an idea that I am often revisiting and thinking about; one day I will have to leave the city and move to a secluded area, a piece of land that has not been destroyed, developed or expanded to suit the masses. I will have to move somewhere where the idea of a natural life is not a strange one, but a given one. something that no one even thinks about, but just does.

maybe then I will find contentment.

Hong Kong Hearts | Volume One

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January favorites. Hong Kong finds. Local. Things I loved.

I make my own coffee at home and there is a Nespresso machine at the office, but there’s nothing I love more than going to a nearby coffee shop to work, write or read for a couple of hours. January’s favorites: Coco Espresso and The Cupping Room.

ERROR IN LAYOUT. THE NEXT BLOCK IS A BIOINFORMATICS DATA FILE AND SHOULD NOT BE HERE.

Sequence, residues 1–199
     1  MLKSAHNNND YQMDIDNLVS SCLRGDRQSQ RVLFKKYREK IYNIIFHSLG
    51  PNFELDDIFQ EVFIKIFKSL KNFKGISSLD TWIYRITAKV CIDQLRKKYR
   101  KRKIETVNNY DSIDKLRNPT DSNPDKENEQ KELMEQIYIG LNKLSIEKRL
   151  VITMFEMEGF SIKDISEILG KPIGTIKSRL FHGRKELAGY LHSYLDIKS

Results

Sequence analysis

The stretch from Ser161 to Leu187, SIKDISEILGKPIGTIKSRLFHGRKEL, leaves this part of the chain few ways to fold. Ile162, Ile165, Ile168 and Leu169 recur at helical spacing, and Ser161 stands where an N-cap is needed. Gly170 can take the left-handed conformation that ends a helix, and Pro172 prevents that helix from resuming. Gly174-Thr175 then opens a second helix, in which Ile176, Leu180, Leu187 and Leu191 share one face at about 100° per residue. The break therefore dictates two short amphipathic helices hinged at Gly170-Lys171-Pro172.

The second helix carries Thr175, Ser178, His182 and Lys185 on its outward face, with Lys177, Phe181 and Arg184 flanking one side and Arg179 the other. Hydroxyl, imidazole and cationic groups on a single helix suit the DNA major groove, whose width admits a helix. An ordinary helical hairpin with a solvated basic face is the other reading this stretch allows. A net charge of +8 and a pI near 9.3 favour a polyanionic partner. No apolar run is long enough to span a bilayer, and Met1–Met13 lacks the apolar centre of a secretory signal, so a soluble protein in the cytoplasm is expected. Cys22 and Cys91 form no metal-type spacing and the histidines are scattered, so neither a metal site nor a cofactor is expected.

My favorite alternative to the usual store-bought roasted chicken: La Rôtisserie. Authentic French roasted chicken, including the roasted potatoes cooked at the bottom of the pan, and delicious dessert pieces mean we eat this twice a week. Bonus: the paper box packaging.

Street art and graffiti seem to be booming in Sheung Wan and Central right now. I have been documenting it all and a series is beginning to take shape.

A couple of weeks ago I bought an early Valentine’s card for the boy: I weed you right now by nocturnal paper that I found at the WOAW store in Gough Street. Gough Street is my haven.

Sunday’s Grocery. I go where the chicken is. Third brainchild of Lindsay Jang (I wrote about Yardbird and Ronin before). Two words: chicken and waffles. A weekend special in Kennedy Town; with a great ambient, selection of drinks and the best staff in the city. Now with the railways extended to the west, it is not out of the way for me anymore either.

A Boy Named Sue | NYC-style cheesecake from The Kitchen Addict | Eat Ethio

All images are mine, except for the last one. Courtesy of La Rôtisserie.